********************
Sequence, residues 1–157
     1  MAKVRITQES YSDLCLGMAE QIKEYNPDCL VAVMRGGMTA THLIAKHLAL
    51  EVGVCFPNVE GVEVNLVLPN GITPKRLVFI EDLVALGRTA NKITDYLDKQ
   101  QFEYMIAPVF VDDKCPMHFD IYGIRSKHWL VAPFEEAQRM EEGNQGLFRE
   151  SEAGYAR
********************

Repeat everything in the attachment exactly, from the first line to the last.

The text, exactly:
Sequence, residues 1–157
     1  MAKVRITQES YSDLCLGMAE QIKEYNPDCL VAVMRGGMTA THLIAKHLAL
    51  EVGVCFPNVE GVEVNLVLPN GITPKRLVFI EDLVALGRTA NKITDYLDKQ
   101  QFEYMIAPVF VDDKCPMHFD IYGIRSKHWL VAPFEEAQRM EEGNQGLFRE
   151  SEAGYAR